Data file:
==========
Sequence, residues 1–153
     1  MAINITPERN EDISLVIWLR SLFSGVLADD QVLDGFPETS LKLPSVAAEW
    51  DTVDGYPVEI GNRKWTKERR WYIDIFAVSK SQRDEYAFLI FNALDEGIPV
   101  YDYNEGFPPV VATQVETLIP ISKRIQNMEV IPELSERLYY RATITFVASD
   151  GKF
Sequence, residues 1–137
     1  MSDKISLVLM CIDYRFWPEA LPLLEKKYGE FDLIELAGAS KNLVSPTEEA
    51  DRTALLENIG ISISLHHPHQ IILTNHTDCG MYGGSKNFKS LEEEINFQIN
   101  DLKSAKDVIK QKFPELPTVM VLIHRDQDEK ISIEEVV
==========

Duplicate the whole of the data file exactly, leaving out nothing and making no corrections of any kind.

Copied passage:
Sequence, residues 1–153
     1  MAINITPERN EDISLVIWLR SLFSGVLADD QVLDGFPETS LKLPSVAAEW
    51  DTVDGYPVEI GNRKWTKERR WYIDIFAVSK SQRDEYAFLI FNALDEGIPV
   101  YDYNEGFPPV VATQVETLIP ISKRIQNMEV IPELSERLYY RATITFVASD
   151  GKF
Sequence, residues 1–137
     1  MSDKISLVLM CIDYRFWPEA LPLLEKKYGE FDLIELAGAS KNLVSPTEEA
    51  DRTALLENIG ISISLHHPHQ IILTNHTDCG MYGGSKNFKS LEEEINFQIN
   101  DLKSAKDVIK QKFPELPTVM VLIHRDQDEK ISIEEVV